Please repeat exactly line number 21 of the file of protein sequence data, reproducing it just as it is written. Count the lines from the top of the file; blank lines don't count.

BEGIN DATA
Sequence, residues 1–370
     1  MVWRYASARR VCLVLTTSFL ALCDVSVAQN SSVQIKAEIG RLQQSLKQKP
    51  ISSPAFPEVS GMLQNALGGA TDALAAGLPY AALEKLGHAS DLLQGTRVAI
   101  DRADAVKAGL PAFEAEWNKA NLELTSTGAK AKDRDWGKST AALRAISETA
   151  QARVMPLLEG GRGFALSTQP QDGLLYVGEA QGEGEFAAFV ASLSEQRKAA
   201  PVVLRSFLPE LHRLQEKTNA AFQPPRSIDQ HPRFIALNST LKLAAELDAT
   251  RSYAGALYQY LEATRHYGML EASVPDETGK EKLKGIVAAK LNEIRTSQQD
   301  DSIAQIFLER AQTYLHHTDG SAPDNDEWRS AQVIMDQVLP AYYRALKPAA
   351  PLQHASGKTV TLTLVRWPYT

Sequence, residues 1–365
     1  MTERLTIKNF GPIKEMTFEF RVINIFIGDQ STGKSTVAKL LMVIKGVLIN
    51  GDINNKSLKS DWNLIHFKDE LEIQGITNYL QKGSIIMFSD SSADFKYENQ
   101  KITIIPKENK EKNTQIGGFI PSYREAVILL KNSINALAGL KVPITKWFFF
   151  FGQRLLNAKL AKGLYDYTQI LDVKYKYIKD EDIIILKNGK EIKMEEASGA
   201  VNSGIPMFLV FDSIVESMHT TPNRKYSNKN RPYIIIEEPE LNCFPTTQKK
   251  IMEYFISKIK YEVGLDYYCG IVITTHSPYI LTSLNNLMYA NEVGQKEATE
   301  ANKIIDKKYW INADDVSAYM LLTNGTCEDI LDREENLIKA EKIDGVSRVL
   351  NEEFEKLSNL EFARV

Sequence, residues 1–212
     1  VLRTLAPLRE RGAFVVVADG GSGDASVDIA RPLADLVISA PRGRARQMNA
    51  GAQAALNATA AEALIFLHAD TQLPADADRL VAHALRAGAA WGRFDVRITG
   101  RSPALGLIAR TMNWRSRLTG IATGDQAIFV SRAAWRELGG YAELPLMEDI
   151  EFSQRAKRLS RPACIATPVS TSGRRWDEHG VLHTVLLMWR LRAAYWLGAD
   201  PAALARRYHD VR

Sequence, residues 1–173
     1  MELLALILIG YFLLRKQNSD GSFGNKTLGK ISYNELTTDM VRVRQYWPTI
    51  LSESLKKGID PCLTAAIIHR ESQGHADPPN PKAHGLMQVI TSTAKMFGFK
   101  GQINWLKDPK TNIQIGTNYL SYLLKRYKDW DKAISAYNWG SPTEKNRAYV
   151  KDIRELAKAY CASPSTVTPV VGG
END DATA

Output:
    51  GAQAALNATA AEALIFLHAD TQLPADADRL VAHALRAGAA WGRFDVRITG